Instead of tackling actual animal welfare issues, this week ARAs are mad about *spins wheel* a fake taxidermy lion head. Ok then.
Pics for anyone out of the loop:
I stitched a video about this over on TikTok and everyone is convinced the animal heads are real, lol. Which, to the artist’s credit, they did an AMAZING job and I know I’d be honored to have one of those heads up on my wall next to my real taxidermy.
The main arguments I’ve seen against these fashion items can be summariezed as follows:
-They look very realistic and a lot of people thought they were real, causing upset.
-People are mad that it still paints wearing animal remains as fashionable.
-People are mad that they’re doing it with vulnerable/endangered species and potentially putting those species in more danger (which doesn’t apply to the wolf, but people still think gray wolves are endangered so I’ll give that a pass).
-People are convinced rich people will see these and not want to settle for faux and will seek out the real thing.
Personally I can see both merit and ridiculousness to each of these points. Well, mistaking them for real animals is just a mistake, I don’t blame people for being duped especially in post-edit photos. But the rest are debatable.
Do the animals promote wearing dead animals, or is it just your regularly scheduled high fashion hijinks?
Does this create a demand for poaching vulnerable/endangered animals, or does it show we don’t need to use real animal parts because faux alternatives can be made so well that many people can’t even tell the difference?
So to answer these questions I’m trying to see how people feel about similar items.
Remember those tiger head backpacks?
I don’t particularly remember a lot of outrage about those. Do these cross a line because they “glamorize” wearing dead animals? Or promote poaching of endangered species? I mean this one even comes with the added sin of using a white tiger, which comes with its own host of unethical breeding issues, so in theory this should be even worse than the fashion show outfits, right?
Or heck, what about any fursuit parts, especially realistic ones?
Is this problematic because it’s an endangered species? Would an item like this create more demand for poaching the real thing?
What about these lion art dolls? Will someone see this and think, “I need a real lion taxidermy mount?
As a fursuiter, general animal lover who used to obsessively collect animal memorabilia, and someone who has a collection of real animal skulls, pelts, and taxidermy mounts I find it interesting to discuss. Where is the line drawn? How realistic are we allowed to make things before they become problematic? Or is it not about how real it looks, but the popularity of who is promoting it? Do these items create the same issues? Is it purely because it was an outfit?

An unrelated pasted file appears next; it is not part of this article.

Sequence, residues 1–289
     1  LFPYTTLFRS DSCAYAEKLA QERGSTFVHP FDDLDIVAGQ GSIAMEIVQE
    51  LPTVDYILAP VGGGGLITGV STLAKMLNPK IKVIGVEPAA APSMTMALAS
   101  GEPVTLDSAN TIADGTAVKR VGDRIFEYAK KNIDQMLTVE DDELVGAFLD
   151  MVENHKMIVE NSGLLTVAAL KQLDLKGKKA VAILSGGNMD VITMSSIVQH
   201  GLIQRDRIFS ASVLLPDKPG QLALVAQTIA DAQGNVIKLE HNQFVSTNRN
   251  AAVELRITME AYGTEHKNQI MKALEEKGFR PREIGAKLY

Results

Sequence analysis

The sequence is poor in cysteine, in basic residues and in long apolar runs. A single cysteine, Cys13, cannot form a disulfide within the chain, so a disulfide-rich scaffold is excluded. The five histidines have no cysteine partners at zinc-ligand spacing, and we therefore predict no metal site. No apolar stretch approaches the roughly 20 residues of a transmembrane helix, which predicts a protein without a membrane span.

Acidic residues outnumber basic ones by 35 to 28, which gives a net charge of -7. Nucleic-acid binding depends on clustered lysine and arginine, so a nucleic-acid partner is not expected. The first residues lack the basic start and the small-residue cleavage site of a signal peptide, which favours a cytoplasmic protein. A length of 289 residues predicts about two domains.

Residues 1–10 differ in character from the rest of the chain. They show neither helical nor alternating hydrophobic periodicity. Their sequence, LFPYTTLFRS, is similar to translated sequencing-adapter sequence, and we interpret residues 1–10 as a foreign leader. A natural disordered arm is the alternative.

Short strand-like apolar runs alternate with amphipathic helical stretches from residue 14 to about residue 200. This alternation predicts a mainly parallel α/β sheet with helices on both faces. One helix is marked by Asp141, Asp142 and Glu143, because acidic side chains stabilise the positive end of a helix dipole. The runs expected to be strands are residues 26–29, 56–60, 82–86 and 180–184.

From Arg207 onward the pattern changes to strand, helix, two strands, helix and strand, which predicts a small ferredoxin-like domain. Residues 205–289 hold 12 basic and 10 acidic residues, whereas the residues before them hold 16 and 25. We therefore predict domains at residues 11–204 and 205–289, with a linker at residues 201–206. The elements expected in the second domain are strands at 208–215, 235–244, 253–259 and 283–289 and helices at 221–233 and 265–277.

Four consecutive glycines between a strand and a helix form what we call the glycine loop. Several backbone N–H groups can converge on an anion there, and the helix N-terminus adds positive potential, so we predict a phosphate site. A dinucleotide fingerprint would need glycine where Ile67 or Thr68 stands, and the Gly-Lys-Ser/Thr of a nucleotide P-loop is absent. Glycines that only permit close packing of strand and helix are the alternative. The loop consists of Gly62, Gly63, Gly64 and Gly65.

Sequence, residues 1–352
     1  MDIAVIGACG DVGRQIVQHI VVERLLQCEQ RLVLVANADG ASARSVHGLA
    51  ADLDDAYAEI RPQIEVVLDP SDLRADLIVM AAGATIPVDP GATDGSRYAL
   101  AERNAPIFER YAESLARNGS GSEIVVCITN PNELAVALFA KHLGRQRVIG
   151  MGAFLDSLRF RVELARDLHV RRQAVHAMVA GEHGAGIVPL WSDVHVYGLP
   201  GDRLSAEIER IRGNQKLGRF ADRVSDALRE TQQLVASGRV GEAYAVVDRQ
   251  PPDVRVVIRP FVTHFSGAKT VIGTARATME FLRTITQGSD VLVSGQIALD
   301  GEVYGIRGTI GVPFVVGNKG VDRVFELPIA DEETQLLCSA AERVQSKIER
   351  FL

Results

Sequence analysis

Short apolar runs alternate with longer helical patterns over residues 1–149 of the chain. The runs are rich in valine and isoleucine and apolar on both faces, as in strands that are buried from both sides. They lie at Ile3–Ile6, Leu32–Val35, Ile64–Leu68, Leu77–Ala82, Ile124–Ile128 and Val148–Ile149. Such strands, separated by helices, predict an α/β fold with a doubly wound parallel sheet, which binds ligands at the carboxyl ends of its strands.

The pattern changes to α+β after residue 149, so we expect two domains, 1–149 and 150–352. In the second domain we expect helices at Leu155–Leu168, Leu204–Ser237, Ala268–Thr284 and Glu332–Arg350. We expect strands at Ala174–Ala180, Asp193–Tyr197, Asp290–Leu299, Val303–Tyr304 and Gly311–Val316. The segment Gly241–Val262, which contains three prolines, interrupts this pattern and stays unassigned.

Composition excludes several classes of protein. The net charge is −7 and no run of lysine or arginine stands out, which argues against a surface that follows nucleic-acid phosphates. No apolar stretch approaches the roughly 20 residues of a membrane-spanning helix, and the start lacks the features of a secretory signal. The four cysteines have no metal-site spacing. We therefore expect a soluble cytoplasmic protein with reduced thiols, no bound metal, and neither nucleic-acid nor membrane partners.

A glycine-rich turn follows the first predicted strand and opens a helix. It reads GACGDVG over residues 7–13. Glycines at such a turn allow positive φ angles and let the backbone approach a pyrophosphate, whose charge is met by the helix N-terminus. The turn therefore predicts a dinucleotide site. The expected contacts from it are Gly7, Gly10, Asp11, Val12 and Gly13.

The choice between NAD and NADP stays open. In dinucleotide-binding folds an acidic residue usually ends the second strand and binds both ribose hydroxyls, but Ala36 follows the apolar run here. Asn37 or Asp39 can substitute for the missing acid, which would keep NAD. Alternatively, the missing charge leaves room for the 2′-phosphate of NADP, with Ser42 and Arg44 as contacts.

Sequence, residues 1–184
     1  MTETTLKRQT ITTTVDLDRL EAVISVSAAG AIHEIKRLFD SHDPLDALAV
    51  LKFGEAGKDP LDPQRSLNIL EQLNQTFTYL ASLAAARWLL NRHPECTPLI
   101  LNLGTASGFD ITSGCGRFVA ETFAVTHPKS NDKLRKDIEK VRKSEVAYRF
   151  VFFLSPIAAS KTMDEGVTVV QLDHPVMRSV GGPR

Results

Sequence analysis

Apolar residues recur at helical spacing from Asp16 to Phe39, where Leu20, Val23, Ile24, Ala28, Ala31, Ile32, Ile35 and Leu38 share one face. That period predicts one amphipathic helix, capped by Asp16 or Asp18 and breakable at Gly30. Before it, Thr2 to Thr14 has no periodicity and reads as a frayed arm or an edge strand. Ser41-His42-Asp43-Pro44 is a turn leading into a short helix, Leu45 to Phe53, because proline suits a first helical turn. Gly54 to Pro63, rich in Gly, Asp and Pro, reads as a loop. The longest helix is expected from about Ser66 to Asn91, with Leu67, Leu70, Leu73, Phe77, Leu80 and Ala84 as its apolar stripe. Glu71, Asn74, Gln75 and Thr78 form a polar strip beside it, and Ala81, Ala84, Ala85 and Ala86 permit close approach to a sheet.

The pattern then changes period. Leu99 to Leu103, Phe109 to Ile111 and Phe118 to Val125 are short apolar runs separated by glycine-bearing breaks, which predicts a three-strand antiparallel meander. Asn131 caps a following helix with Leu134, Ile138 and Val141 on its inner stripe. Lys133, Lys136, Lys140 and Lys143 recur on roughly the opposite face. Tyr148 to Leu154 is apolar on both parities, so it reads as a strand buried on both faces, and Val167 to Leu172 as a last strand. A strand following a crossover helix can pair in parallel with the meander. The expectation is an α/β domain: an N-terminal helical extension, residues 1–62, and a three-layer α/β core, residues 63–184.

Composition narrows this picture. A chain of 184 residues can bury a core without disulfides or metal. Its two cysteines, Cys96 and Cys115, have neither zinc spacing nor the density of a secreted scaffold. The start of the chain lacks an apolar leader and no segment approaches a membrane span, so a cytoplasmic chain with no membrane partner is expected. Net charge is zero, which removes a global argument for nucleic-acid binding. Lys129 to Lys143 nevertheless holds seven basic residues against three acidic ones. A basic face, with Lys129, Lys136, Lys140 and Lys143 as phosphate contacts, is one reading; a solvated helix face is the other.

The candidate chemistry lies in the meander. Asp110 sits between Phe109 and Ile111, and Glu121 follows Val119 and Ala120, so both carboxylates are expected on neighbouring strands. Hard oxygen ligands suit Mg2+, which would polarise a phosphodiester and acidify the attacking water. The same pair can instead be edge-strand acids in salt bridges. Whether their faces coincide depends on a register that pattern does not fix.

Are we allowed to be happy with faux alternatives to the real deceased animal? Or is the only solution to either make something so unrecognizable that it’s a mere caricature of the original creature, or just avoid emulating an animal’s natural beauty altogether?
I am genuinely curious on what people’s opinions are on this, if anyone wants to reblog or just comment with replies.
What’s weird to me, and what I think reinforces something that I’ve noticed about people’s opinions on animal welfare, is that they are, in cases like this, completely centered on the humans.
I’m not kidding, many people, upon hearing that these are fake, say “I don’t care if they’re fake or not!”
Really? So if I said “hey, I’m thinking of going out to kill a snow leopard, or maybe I’ll just have some apple juice and not kill a snow leopard,” these people would say “I literally do not care whether or not you kill a snow leopard, I have zero concern for the animal, I am only concerned with whether I am to look at weird art.”
And these are the people who think they’re defending animals!
People are arguing this really fervently, that “the feelings of the animals don’t matter.”
This is just a perfect example of what I’ve been seeing for years: some percentage of internet anger about animal welfare has nothing to do with animal welfare, just human ego.
(Not everyone , but it’s weirdly common!)